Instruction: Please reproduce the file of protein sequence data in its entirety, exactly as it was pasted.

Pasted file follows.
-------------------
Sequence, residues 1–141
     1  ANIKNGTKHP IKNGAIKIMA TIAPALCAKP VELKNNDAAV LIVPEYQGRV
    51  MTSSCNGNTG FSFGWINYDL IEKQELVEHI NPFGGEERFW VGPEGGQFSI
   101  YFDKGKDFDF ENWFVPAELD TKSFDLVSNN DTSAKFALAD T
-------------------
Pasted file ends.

Sequence, residues 1–141
     1  ANIKNGTKHP IKNGAIKIMA TIAPALCAKP VELKNNDAAV LIVPEYQGRV
    51  MTSSCNGNTG FSFGWINYDL IEKQELVEHI NPFGGEERFW VGPEGGQFSI
   101  YFDKGKDFDF ENWFVPAELD TKSFDLVSNN DTSAKFALAD T